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Do men help only beautiful women in social networks?

  • Sascha Schwarz
  • Lisa Baßfeld
Article

Abstract

Is the Social Network profile photo important when women need help? In two field experiments (N = 681), male and female participants received a help request from a woman of below-average, above-average (Study 1 and 2), or a woman of unknown physical attractiveness (Study 2). Men (but not women) responded more often, answered more detailed, and were more helpful and friendlier to the above-average physical attractive woman (Study 1 and 2), but if they replied, they also answered friendlier to the woman of unknown physical attractiveness (Study 2). In Study 3, participants (N = 298) reported their hypothetical helping intention in an experimental setting. The findings from all three studies indicate that these results are most likely interpretable considering males’ mating strategies and costly signal theory in contrast to the what-is-beautiful-is-good stereotype or attention boost explanation.

Keywords

Attractiveness bias Evolutionary psychology Costly signaling Physical attractiveness Helping behavior Mating strategies 

Notes

Acknowledgements

We want to thank Dr. Sally M. Ischebeck for her help in data collection. Further, we would like to thank Daniel Farrelly and one anonymous reviewer for their careful and insightful reviews of the manuscript.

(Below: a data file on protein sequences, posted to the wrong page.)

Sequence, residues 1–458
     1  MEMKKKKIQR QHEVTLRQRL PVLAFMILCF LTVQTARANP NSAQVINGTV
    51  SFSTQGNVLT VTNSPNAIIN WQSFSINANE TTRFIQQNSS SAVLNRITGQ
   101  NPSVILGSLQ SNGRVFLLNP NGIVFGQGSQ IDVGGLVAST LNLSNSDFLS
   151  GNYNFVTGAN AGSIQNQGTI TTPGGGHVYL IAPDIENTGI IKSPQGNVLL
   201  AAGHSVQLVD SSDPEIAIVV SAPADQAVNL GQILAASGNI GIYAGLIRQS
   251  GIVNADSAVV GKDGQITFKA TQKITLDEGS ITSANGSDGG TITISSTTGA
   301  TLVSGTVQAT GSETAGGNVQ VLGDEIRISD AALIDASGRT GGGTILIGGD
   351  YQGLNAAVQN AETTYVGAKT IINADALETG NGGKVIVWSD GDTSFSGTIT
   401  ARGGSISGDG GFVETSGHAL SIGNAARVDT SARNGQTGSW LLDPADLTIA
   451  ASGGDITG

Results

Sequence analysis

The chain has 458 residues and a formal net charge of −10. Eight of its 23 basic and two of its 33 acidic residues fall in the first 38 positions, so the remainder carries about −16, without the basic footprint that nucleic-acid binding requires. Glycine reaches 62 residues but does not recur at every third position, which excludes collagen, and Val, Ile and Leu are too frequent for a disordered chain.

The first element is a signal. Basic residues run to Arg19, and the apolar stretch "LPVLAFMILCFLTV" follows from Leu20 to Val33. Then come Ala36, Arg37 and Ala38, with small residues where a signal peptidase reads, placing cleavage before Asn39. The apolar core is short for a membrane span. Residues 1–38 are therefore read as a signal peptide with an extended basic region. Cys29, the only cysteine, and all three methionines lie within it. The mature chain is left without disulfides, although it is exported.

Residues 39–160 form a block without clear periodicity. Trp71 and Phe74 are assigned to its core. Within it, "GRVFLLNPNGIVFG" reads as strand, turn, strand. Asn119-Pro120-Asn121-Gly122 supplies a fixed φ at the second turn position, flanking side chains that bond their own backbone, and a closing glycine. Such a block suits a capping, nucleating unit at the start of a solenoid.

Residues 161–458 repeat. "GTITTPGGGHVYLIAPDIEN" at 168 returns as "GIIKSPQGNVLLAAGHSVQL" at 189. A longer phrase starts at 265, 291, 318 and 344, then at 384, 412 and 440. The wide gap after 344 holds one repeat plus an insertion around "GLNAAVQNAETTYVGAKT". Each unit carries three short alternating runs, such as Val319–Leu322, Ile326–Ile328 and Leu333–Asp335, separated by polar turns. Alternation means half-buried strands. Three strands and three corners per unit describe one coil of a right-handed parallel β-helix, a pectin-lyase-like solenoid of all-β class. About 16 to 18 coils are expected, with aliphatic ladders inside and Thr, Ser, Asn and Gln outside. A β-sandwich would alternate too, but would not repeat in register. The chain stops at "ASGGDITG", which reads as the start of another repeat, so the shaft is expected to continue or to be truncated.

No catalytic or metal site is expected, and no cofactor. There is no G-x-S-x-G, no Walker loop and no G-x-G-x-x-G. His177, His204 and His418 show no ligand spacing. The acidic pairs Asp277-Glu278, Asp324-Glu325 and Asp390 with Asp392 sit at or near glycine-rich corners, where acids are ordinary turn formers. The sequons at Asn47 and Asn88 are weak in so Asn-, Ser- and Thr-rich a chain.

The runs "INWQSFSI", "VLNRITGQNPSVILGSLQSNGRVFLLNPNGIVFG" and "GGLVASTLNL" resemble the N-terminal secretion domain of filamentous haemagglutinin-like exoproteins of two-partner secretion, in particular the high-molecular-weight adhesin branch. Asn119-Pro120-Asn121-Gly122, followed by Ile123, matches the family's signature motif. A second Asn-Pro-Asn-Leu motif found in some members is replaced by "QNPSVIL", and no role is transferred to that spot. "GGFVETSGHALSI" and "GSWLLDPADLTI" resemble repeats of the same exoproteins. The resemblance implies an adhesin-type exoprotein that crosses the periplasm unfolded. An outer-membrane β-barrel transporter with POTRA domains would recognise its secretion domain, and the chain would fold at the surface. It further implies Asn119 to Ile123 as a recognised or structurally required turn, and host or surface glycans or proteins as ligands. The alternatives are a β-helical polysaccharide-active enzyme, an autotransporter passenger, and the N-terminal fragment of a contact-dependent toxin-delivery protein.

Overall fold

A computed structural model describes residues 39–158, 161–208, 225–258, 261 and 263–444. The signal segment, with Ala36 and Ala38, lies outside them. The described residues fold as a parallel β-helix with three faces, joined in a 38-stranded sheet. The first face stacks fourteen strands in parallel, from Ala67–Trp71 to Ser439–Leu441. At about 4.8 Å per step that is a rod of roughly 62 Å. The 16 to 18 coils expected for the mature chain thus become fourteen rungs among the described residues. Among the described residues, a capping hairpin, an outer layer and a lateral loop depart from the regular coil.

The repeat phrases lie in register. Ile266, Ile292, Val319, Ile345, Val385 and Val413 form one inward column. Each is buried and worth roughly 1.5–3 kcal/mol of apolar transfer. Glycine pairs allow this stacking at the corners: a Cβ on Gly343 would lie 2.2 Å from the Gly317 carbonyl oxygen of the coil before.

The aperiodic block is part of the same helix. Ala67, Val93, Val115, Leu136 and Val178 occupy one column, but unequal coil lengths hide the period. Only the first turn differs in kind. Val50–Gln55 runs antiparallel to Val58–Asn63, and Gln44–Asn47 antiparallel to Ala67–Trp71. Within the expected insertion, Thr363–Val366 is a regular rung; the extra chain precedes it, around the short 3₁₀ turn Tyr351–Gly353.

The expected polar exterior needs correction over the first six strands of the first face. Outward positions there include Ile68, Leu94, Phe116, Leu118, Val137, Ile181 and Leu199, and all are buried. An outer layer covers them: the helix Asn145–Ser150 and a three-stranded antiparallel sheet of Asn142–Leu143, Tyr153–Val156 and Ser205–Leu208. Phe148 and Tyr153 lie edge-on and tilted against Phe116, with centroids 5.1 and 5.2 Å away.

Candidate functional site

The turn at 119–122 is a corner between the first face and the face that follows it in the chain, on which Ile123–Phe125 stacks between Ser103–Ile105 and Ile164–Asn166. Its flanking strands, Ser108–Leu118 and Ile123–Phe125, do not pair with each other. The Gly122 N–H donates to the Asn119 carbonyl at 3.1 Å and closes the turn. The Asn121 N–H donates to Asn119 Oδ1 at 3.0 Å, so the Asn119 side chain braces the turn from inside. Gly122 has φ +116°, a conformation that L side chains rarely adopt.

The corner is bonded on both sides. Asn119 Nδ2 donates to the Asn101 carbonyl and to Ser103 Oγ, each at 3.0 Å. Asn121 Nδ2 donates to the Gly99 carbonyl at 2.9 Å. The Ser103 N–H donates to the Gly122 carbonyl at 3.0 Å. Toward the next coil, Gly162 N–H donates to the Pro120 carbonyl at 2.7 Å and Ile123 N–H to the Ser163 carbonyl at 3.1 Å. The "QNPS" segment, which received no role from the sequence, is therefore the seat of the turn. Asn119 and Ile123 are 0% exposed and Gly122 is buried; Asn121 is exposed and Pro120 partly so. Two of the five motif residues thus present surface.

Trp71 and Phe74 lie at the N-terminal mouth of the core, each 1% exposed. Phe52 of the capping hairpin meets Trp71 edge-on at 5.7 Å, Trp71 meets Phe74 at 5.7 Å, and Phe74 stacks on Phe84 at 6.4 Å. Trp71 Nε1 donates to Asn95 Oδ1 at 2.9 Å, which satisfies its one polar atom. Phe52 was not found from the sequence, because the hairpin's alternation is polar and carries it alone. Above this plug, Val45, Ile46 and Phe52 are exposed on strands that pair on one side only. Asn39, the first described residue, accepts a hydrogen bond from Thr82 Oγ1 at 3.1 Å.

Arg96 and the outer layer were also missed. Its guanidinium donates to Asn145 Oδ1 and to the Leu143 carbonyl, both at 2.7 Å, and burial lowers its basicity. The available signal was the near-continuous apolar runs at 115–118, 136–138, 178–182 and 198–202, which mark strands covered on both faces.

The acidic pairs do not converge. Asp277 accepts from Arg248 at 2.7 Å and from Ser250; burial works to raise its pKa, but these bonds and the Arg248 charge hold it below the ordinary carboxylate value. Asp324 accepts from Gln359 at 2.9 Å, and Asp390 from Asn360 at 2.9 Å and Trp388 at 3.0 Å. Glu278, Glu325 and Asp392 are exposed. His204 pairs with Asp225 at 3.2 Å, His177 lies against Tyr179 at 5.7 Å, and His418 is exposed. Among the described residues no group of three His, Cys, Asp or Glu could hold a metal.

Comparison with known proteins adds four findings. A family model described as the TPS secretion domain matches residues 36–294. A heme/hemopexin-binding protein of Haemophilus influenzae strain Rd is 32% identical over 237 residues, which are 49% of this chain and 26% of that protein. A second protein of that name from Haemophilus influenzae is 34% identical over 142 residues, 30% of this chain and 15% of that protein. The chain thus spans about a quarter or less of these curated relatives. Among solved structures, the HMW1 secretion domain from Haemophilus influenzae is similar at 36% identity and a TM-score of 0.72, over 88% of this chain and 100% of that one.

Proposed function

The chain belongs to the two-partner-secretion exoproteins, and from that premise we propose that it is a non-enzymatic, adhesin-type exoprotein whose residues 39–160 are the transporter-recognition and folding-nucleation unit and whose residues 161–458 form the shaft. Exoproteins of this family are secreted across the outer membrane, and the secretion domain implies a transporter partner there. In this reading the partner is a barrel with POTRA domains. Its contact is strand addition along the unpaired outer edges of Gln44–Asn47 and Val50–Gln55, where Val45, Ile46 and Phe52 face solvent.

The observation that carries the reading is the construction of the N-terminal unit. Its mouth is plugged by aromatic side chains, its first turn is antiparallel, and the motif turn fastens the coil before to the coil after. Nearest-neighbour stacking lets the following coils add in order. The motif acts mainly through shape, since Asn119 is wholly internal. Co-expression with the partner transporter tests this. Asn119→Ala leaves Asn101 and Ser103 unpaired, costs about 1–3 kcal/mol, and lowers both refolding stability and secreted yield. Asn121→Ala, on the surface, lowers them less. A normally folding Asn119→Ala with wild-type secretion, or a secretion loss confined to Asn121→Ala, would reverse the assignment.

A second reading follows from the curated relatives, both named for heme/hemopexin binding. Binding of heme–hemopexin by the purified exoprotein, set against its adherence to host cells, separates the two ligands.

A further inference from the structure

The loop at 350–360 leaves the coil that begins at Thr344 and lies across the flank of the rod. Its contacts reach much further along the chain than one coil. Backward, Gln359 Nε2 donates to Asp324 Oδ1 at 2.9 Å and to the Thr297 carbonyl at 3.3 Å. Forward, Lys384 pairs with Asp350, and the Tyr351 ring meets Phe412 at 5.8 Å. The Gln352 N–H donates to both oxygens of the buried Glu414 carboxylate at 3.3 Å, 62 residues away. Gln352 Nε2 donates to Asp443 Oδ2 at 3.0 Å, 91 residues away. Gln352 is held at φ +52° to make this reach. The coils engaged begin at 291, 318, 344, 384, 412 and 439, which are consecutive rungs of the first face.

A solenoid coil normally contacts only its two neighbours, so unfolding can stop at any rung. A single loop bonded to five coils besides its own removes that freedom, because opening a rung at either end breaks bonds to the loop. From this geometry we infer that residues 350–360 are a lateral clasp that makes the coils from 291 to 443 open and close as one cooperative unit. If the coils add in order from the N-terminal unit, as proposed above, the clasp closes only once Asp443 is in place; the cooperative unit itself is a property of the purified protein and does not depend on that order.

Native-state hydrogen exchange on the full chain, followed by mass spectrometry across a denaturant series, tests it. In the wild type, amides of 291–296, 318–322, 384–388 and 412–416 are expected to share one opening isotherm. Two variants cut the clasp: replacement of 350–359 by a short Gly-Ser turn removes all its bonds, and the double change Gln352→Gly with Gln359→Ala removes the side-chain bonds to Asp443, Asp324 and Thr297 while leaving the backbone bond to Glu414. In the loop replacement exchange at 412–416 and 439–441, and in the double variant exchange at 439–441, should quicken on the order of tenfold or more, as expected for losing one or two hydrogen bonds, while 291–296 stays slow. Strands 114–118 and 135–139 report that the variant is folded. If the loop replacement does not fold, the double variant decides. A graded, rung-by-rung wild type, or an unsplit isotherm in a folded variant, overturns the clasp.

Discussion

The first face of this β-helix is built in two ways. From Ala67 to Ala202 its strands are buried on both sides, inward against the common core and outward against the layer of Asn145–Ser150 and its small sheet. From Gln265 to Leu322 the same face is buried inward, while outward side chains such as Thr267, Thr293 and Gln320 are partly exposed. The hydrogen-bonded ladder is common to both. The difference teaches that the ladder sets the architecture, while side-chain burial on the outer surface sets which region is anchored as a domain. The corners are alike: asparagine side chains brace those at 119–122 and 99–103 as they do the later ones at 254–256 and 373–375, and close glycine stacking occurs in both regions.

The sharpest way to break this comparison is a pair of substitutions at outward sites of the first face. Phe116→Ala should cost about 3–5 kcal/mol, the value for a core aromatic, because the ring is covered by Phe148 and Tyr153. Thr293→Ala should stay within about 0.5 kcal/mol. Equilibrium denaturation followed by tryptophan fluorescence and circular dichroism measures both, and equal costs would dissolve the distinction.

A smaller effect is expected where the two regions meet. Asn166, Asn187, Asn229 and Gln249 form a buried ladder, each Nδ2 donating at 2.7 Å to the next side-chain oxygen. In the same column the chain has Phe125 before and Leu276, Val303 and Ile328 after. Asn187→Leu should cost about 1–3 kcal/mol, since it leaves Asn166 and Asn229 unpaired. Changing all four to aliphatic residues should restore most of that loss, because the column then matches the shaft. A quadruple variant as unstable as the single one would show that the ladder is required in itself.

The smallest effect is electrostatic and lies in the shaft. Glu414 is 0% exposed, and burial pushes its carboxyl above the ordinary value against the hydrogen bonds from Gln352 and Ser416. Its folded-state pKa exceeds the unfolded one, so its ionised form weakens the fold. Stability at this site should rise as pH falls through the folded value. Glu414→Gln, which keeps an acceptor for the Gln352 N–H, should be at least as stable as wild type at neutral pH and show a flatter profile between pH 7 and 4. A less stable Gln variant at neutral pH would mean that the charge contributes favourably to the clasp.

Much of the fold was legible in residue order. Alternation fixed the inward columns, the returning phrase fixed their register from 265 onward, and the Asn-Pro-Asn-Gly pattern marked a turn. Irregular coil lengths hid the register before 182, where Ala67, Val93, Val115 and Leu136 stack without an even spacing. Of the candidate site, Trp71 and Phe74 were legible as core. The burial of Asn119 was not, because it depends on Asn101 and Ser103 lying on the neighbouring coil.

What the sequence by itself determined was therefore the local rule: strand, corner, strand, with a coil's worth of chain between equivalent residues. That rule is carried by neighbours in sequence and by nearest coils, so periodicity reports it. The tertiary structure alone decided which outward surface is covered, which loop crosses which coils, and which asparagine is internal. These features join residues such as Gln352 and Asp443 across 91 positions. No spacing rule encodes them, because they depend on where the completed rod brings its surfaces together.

Compliance with Ethical Standards

Ethical Approval

All procedures performed in studies involving human participants were in accordance with the ethical standards of Deutsche Gesellschaft für Psychologie (DGPs) and with the 1964 Helsinki declaration and its later amendments or comparable ethical standards.

Informed Consent

Informed consent was obtained from all individual participants included in Study 3. Due to the nature of the field experiments in Study 1 and 2, informed consent was not obtained prior to the participation of the study. However, all participants were debriefed after participation and encouraged to contact the first author.

Conflict of Interest

Sascha Schwarz declares that he has no conflict of interest. Lisa Baßfeld declares that she has no conflict of interest.

Supplementary material

12144_2018_86_MOESM1_ESM.docx (30 kb)
ESM 1 (DOC× 29.7 kb)
12144_2018_86_MOESM2_ESM.docx (30 kb)
ESM 2 (DOC× 29 kb)

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Copyright information

© Springer Science+Business Media, LLC, part of Springer Nature 2018

Authors and Affiliations

  1. 1.School of Human and Social SciencesUniversity of WuppertalWuppertalGermany

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